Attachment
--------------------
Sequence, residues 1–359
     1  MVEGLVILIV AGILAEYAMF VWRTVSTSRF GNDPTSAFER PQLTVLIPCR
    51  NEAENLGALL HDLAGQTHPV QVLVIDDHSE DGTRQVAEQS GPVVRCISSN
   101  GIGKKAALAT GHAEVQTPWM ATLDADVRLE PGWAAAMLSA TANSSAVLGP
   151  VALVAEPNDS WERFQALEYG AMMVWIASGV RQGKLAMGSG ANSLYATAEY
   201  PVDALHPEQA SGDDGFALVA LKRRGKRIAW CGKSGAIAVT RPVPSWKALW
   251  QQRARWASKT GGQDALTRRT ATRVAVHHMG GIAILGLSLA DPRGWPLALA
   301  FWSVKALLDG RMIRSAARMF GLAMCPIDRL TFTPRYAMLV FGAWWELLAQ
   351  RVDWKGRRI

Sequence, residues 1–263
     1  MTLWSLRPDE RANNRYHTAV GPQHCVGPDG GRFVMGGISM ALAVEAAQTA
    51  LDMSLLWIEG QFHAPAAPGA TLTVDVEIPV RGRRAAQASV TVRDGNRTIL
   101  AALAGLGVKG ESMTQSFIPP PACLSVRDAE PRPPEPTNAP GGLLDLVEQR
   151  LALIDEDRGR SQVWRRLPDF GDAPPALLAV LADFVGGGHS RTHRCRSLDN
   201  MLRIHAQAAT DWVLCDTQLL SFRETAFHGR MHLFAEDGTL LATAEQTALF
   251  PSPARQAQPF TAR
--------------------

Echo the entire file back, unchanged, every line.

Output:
Sequence, residues 1–359
     1  MVEGLVILIV AGILAEYAMF VWRTVSTSRF GNDPTSAFER PQLTVLIPCR
    51  NEAENLGALL HDLAGQTHPV QVLVIDDHSE DGTRQVAEQS GPVVRCISSN
   101  GIGKKAALAT GHAEVQTPWM ATLDADVRLE PGWAAAMLSA TANSSAVLGP
   151  VALVAEPNDS WERFQALEYG AMMVWIASGV RQGKLAMGSG ANSLYATAEY
   201  PVDALHPEQA SGDDGFALVA LKRRGKRIAW CGKSGAIAVT RPVPSWKALW
   251  QQRARWASKT GGQDALTRRT ATRVAVHHMG GIAILGLSLA DPRGWPLALA
   301  FWSVKALLDG RMIRSAARMF GLAMCPIDRL TFTPRYAMLV FGAWWELLAQ
   351  RVDWKGRRI

Sequence, residues 1–263
     1  MTLWSLRPDE RANNRYHTAV GPQHCVGPDG GRFVMGGISM ALAVEAAQTA
    51  LDMSLLWIEG QFHAPAAPGA TLTVDVEIPV RGRRAAQASV TVRDGNRTIL
   101  AALAGLGVKG ESMTQSFIPP PACLSVRDAE PRPPEPTNAP GGLLDLVEQR
   151  LALIDEDRGR SQVWRRLPDF GDAPPALLAV LADFVGGGHS RTHRCRSLDN
   201  MLRIHAQAAT DWVLCDTQLL SFRETAFHGR MHLFAEDGTL LATAEQTALF
   251  PSPARQAQPF TAR